Tips on Creating a Rhythm While Home

Mar 18, 2020, Sonya Patel

Homeschooler and ZENworks Yoga instructor Amber Campbell share’s her tips for managing while being home with your kids during this time of uncertainty.

“Ok, here’s what I’ve come up with as a homeschool mom who also has kids in public school and understands the upheaval this is.”

1. Lower your expectations, in general, of everything. You aren’t going to get as much work done as you think, and neither are your kids. This is what I told myself during normal times, and it’s especially true now.

2. Create a routine, but think more rhythm than schedule. I can talk about ours if it’s helpful but the important thing is to be flexible. (That color-coded schedule floating around was definitely not made by a homeschooler. It wouldn’t be sustainable for 99% of parents.) We do language arts in the morning and math in the afternoon, all the other stuff we play by ear, science, history, etc.

3. Journal with your kids. We always started our day journaling or free writing, and I’ve seen it mentioned that it’s especially important to journal now, as we are all living through something historic. Another great exercise is to write down what we are thankful for. My kids have Big Life Journals which focus on a growth mindset. They offer a printable version (paid) and lots of free downloads.

4. Try to get outside every day, while maintaining social distancing measures. Parents already know this but it really helps when you are with your kids 24/7. The driveway with chalk is a great break. (Do math problems or spelling words on the driveway.) You could create a nature journal, bring in a leaf and look up what tree it’s from, or take a picture of a bird and draw it. “Nature journaling” on Pinterest has a lot of great ideas too but it doesn’t have to be elaborate. Addition info on Why it’s important to avoid playgrounds

5. Create a family reading challenge. It’s still national reading month, we can extend that indefinitely. Keep a log and determine prizes. Maybe even set up a reading fort.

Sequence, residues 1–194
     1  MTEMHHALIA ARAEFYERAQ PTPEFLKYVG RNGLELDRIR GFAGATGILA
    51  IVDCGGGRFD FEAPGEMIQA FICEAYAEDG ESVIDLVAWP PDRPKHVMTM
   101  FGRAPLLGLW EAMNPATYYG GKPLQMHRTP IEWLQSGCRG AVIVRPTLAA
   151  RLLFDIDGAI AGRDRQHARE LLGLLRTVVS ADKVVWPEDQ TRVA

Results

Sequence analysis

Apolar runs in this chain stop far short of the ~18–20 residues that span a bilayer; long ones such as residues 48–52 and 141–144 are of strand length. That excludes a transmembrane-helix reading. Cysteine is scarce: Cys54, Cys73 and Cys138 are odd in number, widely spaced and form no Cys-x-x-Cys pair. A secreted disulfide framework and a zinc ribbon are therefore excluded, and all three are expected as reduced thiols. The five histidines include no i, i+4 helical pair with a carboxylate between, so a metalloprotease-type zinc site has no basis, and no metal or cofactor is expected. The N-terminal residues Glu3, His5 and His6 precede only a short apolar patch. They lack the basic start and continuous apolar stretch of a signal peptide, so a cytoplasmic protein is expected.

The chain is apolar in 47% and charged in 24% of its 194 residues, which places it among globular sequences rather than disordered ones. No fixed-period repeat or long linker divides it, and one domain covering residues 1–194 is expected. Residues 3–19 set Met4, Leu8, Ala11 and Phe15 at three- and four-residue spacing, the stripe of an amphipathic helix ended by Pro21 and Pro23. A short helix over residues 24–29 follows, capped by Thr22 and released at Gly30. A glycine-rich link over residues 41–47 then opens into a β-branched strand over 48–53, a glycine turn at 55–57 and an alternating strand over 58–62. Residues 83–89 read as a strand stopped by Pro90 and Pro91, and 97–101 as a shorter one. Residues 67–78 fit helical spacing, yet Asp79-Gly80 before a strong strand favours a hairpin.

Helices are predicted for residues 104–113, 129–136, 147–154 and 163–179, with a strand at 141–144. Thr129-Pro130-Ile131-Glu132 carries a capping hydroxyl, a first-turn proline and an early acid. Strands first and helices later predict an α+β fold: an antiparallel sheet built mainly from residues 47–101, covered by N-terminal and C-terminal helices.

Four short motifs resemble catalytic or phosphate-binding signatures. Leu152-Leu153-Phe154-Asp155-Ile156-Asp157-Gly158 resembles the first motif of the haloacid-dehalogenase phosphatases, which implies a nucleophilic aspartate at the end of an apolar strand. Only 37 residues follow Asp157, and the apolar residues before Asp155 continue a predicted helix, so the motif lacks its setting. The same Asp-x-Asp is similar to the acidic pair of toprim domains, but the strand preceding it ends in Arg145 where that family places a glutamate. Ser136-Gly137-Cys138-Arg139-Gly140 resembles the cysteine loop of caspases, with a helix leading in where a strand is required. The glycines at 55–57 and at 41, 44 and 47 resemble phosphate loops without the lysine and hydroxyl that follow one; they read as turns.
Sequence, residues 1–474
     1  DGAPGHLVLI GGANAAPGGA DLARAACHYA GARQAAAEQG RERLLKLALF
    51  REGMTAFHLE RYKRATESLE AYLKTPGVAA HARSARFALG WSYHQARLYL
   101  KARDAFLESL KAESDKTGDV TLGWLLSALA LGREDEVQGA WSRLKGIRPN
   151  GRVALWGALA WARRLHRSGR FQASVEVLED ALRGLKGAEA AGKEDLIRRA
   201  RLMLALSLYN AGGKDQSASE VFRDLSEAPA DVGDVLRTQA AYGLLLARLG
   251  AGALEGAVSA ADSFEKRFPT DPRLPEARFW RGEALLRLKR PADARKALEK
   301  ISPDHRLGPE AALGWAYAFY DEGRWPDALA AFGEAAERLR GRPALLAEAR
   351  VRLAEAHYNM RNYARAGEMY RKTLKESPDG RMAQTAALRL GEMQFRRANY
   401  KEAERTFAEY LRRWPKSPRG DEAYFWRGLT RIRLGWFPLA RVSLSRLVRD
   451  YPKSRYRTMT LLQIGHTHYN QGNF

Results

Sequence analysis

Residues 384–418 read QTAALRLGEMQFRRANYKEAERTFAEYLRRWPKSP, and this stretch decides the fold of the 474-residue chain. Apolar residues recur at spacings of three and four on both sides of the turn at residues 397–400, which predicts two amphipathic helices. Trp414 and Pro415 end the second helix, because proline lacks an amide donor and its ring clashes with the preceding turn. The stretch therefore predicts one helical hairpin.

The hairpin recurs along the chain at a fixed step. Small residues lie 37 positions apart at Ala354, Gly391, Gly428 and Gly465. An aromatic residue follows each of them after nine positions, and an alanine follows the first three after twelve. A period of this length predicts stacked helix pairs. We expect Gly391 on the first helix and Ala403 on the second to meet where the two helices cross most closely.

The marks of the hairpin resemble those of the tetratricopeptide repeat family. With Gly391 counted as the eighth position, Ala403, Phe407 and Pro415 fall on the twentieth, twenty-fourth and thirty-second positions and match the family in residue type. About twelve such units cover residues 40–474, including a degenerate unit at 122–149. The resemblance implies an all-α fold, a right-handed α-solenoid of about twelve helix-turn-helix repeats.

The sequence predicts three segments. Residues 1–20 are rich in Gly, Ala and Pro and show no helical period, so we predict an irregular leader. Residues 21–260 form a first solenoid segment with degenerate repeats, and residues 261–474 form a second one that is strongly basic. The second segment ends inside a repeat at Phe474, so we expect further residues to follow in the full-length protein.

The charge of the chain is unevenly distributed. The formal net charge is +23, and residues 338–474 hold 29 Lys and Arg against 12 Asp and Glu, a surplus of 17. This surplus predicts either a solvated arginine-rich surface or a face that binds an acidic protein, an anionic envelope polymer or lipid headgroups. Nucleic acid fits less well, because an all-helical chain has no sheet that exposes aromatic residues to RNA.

6. Podcasts and audiobooks! Libraries offer a lot through overdrive and there are lots of kids podcasts. We like Wow in the World and Rebel Girls podcast. I would sometimes put these on at lunch to make sure we got a little quiet time.

7. For kids older than elementary school, have them be in charge of their time. We use Trello, which is free, but you can use a paper planner or just plain notebook paper. I’m assuming that kids will be given assignments on google classroom, and this is a great time to exercise executive functioning skills. Trello is online and easy to figure out- plus it’s computer literacy and organizational skills all in one. My middle schooler starts his day with CNN 10, (student news) and then piano practice. From there he has different online classes and knows what needs to be done each week. I’m not sure what districts have planned for us yet, so your kids’ days will largely depend on that. Most likely they will have extra time on their hands-it’s a great time to start a blog, or some other fun project that they wouldn’t otherwise have time for. I know resources are limited but sometimes that constraint creates amazing results. Look up “project-based homeschooling” on Pinterest for ideas.

8. This is really cliche but, self-care. This is difficult for everyone! If you are going to be the parent doing the bulk of the childcare and educating, work it out with the other parent that you get at least an hour alone every day or at least every couple of days. If you are splitting it maybe trade off days. Mediate, read, journal, walk, do all of it if you can. It’s important.

9. I got this idea from a homeschool curriculum writer and wanted to share. She talked about how this time period is going to become a part of our kids’ “childhood story.” We are understandably stressed out and we all know this transfers to our kids. My main goal has always been (and especially now during this time) to maintain healthy relationships with my kids above all else. Everything else is secondary, including “school” or whatever their teachers assign. Families will grow closer being stuck together, and we have the opportunity for connection that will last well past this. Your kids are going to fight a lot but they will also grow closer. Every homeschooler can vouch for this! So take heart and try to add fun when you can. Bake, read funny poems, make lots of art, play games, watch movies, make music, do all the things you always wished you had time to do with them. If we’ve gained one thing, it’s time with our kids, and while we all wish it was under different circumstances, we can still look at it as a gift.

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